Get more from Gboard keyboard
Translate as you type, call up the numeric keypad whenever you want, and more. Ben Patterson reports
The only problem with Google’s Gboard keyboard for Android is that we’re totally hooked on its best features. Number and symbol shortcuts above each key? Got to have them. One-handed mode? Ditto. Translate as you type? Love it, need it. Read on for the niftiest features, from dedicated number rows and an on-demand numeric keypad to ‘neural’ translations and a long-press shortcut for oft-used symbols. Note, there’s also an iOS version, but most of our favourite Gboard tricks only work on the Android edition.
1. Type with one hand
Tapping a virtual keypad with a single thumb can be something of a stretch if your phone has a massive screen. Luckily, Gboard has a clever feature that makes it easier to tap with just one hand.
Tap the little caret sitting in the top-left corner of Gboard, then tap the one-handed mode button (the one that looks like a square with a thumb on top). When you do, the keyboard will squeeze in a bit toward the right side of the screen, making it easier for your thumb to reach every key.
If you’d rather type with your left thumb, tap the arrow on the left side of the keypad, or tap the expand button to turn off one-handed mode.
2. Translate as you type
Thanks to its new, sentence-level ‘neural machine’ translations, Google’s translation abilities have morphed from unintentionally hilariously to scary good. In just a few taps, you can compose, email, or even chat in another language, with a respectable degree of fluency.
Again, tap the caret in the top-left corner of Gboard, tap the Google Translate button, pick the language you’d like your words translated into from the drop-down menu on the right, then start typing. Google Translate will work its magic as you type, pasting your translated words directly into whatever document, web page, email or chat window you’re using.
3. Get a dedicated number row
It can get pretty annoying having to tap the symbols button whenever you want to type a number. If you’d rather save yourself a keystroke, there’s a timesaving Gboard setting you need to try.
Tap the caret in the corner to reveal the Gboard menu, tap the Settings button, tap Preferences, then toggle on the Number row setting.
Head back to Gboard, and you’ll now see a dedicated row of number keys sitting at the top of the keypad, no symbols button required. A dedicated row of number keys is nice, but in some case – for example, when you’re typing phone or credit card numbers into an online form – a numeric keypad is even better.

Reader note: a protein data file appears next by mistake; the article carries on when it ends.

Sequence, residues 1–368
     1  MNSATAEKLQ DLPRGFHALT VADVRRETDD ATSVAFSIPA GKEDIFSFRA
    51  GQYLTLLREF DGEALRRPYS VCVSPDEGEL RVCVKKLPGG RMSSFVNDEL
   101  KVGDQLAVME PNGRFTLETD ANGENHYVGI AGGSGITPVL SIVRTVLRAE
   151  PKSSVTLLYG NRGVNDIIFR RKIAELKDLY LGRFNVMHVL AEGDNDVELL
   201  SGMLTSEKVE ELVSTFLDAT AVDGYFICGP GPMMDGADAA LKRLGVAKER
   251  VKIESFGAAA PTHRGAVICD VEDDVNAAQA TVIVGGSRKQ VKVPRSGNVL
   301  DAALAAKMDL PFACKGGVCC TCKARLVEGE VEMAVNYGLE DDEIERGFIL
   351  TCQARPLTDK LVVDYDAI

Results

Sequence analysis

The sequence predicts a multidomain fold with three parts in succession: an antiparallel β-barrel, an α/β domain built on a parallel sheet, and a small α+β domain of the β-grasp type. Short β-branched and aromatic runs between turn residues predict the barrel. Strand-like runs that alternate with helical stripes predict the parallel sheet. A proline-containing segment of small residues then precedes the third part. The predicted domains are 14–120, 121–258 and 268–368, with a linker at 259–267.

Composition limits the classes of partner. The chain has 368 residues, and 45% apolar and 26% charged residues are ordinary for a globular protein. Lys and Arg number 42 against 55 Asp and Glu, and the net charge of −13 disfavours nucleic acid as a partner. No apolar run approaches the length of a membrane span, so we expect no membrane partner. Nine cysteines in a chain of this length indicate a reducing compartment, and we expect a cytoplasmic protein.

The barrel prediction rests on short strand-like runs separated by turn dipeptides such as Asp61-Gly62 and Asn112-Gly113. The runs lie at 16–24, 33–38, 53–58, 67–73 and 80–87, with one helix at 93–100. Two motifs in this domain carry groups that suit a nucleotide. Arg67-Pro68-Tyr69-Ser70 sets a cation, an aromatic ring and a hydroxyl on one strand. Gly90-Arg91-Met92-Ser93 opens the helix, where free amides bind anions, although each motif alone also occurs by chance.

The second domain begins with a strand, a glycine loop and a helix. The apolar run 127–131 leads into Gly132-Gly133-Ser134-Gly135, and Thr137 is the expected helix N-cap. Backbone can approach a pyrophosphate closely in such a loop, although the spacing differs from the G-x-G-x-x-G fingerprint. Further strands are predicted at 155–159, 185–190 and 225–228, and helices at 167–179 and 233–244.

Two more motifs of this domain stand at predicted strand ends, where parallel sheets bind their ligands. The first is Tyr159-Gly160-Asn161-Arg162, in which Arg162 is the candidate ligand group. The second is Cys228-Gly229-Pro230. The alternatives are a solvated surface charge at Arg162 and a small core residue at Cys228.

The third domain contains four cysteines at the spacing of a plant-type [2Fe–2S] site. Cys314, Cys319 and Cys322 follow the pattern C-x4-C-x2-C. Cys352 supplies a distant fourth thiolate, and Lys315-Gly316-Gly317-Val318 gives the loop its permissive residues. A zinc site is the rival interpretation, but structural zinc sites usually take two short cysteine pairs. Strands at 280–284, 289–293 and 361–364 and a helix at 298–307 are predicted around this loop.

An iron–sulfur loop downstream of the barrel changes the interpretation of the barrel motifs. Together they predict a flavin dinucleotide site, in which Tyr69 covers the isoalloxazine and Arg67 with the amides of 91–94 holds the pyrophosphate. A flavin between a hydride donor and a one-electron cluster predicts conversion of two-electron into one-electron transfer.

Ideally, Gboard should automatically switch on its numeric keypad when you’re filling in a numbers-only form. But if you find yourself stuck with the standard keyboard when you just want to type numbers, there’s a way to manually enable Gboard’s numeric keypad.
First, tap the symbols button in the bottom-left corner of the Gboard keypad. Then, just to the left of the space bar, you’ll see a 1 2 3 4 button, with the four numbers arranged two on top of the other. Tap it, and voilà – there’s your numeric keypad.
If you need to type a pound sign, a parenthesis, a dash or another common symbol, there’s an easier way to do it with Gboard than tapping the symbols key. Tap and hold the full stop key, and you’ll get a pop-up with more than a dozen symbols – everything from an ampersand to a question mark. Just slide your fingertip over the symbol you want to type, then release.
6. Reveal shortcuts for each key
Head for the Gboard settings screen, tap Preferences, then enable the Long-press for symbols setting. Once you do, you’ll see shortcuts for symbols and numbers in the corner of every letter key; just long-press a key to type the shortcut in the corner of the key. Putting the Android cursor in just the right place can be tricky if you’re trying to drag it with your fingertip. Luckily, Gboard boasts a feature that’ll let you move the cursor with much more precision.
Just swipe left or right on the Gboard space bar – and as you do, the cursor will move in the corresponding direction, perfect for nudging the cursor exactly where you want it.